Justin Langer has endorsed the retention of the traditional Australian approach to the game after being named as the new head coach of the national team on Thursday.
Cricket Australia has given Langer a four-year deal to coach all three forms of the game after the former Test opener was judged as the "very clear standout candidate".
Justin Langer wants his players to be hard but fair.
"What I know is we should be very, very proud of our history of Australian cricket. We've been not only good cricketers but generally good people," Langer said.
"The public will be disappointed if we don't play hard competitive cricket.
"That said, we can also modify our behaviours. I was lucky to play with great competitors.
"We talk about Allan Border, Shane Warne, Glenn McGrath, Adam Gilchrist and Steve Waugh. They played hard but they were also outstanding people.
"We modify our behaviours a bit so that it's not angry or not over aggressive but we're still aggressive in the mindset that we play with the bat and the ball."
Langer believes sledging, or "banter" as he referred to, still had a place in Australia's playbook. He said there only two instances in his long career where it had crossed the line, one of which was West Indies batsman Ramnaresh Sarwan's barb to McGrath at a time when his wife Jane was ill.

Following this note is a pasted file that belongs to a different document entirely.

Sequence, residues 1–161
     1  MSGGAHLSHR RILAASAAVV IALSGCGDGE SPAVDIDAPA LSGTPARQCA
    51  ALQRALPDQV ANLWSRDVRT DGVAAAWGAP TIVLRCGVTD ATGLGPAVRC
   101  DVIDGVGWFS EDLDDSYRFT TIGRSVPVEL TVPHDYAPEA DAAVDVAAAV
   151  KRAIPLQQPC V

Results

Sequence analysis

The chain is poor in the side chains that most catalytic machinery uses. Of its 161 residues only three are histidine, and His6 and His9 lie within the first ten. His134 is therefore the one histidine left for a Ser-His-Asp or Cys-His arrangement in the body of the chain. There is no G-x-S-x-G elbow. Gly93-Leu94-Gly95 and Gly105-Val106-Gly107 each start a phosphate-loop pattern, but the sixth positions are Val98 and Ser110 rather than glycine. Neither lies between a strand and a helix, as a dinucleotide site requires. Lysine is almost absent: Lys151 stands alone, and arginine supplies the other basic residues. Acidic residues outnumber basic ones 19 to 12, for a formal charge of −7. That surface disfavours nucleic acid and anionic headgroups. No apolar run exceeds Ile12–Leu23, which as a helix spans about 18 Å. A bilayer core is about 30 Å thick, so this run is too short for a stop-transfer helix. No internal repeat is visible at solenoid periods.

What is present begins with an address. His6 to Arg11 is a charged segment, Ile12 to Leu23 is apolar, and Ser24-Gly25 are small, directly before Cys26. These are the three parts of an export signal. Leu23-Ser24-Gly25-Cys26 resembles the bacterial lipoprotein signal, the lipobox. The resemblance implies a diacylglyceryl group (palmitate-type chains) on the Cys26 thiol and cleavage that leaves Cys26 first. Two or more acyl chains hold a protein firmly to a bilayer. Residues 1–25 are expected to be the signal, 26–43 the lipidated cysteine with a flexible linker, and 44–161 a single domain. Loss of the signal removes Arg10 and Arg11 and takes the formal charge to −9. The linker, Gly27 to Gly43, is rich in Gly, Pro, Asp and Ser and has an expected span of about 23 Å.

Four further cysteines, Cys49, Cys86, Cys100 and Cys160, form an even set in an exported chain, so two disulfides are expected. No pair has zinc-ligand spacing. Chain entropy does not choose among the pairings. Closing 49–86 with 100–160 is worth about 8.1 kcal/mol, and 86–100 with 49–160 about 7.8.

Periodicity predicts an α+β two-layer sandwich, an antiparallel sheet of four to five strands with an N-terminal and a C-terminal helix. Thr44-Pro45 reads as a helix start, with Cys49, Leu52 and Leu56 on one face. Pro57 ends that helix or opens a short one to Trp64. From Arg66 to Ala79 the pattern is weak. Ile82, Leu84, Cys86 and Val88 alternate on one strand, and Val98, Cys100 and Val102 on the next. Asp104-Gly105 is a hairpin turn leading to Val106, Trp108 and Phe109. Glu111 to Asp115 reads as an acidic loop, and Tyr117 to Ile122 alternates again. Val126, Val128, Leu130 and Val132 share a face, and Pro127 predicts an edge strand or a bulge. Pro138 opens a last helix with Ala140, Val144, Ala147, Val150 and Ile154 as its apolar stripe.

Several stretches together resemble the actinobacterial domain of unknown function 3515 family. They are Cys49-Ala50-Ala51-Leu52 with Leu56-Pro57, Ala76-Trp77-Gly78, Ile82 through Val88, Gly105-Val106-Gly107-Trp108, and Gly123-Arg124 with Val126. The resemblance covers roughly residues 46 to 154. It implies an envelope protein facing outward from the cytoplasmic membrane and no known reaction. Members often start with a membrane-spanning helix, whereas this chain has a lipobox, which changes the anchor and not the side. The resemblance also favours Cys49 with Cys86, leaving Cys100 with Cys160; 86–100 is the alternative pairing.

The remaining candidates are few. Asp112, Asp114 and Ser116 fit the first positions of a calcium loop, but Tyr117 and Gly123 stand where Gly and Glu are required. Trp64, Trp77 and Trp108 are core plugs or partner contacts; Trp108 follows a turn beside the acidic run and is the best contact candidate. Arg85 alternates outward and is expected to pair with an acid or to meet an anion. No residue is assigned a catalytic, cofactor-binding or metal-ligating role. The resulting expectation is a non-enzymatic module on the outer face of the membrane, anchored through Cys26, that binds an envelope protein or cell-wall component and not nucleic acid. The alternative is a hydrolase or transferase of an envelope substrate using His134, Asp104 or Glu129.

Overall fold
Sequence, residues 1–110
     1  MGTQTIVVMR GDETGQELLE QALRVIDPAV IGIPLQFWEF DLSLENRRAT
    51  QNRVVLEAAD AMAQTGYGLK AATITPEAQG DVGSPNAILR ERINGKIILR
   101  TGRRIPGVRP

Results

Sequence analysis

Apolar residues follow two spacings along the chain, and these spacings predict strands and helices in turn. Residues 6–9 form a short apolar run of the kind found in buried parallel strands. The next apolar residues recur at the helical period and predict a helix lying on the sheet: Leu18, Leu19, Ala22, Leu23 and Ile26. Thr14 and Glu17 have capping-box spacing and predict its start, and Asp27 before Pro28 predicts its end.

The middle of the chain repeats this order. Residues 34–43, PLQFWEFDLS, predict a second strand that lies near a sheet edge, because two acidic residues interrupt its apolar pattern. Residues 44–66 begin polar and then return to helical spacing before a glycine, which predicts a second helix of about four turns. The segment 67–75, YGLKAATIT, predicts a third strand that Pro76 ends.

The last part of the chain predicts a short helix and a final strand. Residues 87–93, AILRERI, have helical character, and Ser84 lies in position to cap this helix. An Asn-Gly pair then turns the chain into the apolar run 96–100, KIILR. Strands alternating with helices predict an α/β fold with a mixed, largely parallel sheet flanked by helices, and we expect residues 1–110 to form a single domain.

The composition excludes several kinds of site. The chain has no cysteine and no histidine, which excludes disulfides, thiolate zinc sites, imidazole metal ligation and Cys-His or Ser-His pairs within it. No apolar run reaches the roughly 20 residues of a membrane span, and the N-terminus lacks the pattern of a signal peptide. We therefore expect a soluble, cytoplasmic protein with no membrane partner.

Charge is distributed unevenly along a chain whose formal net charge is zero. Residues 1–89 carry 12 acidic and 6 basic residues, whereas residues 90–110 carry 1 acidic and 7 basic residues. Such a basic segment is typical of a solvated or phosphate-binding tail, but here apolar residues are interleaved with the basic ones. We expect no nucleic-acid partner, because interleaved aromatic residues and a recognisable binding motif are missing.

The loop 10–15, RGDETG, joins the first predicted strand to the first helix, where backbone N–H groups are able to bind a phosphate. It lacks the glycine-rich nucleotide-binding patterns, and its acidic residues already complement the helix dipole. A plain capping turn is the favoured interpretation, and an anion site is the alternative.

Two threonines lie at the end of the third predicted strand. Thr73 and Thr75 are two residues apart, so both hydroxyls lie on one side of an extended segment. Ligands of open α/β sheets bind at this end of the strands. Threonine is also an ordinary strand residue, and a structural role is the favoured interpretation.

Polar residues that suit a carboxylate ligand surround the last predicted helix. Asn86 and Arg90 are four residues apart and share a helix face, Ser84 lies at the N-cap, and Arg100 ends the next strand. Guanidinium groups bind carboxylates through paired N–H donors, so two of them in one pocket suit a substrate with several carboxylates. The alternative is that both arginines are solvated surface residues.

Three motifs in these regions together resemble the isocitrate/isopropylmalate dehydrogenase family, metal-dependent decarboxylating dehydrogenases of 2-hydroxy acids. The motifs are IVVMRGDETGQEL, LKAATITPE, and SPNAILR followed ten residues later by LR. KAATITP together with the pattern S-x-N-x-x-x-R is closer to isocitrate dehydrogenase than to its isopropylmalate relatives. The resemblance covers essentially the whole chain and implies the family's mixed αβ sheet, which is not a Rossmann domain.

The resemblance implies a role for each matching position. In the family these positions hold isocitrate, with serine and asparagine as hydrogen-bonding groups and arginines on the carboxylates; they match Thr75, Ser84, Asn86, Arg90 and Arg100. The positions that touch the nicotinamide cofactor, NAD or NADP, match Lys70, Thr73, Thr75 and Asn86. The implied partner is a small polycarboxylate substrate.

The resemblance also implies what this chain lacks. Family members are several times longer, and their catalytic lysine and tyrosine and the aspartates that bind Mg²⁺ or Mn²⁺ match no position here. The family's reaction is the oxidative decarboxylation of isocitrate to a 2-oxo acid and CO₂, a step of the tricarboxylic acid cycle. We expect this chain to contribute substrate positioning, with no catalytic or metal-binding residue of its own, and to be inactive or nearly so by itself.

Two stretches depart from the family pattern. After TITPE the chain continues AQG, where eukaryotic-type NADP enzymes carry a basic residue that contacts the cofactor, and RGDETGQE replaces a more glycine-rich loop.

"We've always played hard. Some of the best banter is amongst each other to get the opposition thinking about other things," Langer said.
"Mental toughness is about being 100 per cent focused on the next ball. If you're worrying what you just said to me there's a distraction.
"We know all know what the acceptable behaviours are. There's a difference between the competitiveness and aggression and we have to be careful with that."
Asked who was responsible for where the line was drawn, Langer said: "Everyone knows the difference between right and wrong, that's simple.
"We get taught that from when you're a little kid from your parents, through school. If our players literally stick to that, right or wrong, they'll be OK, I think."
Source: Read Full Article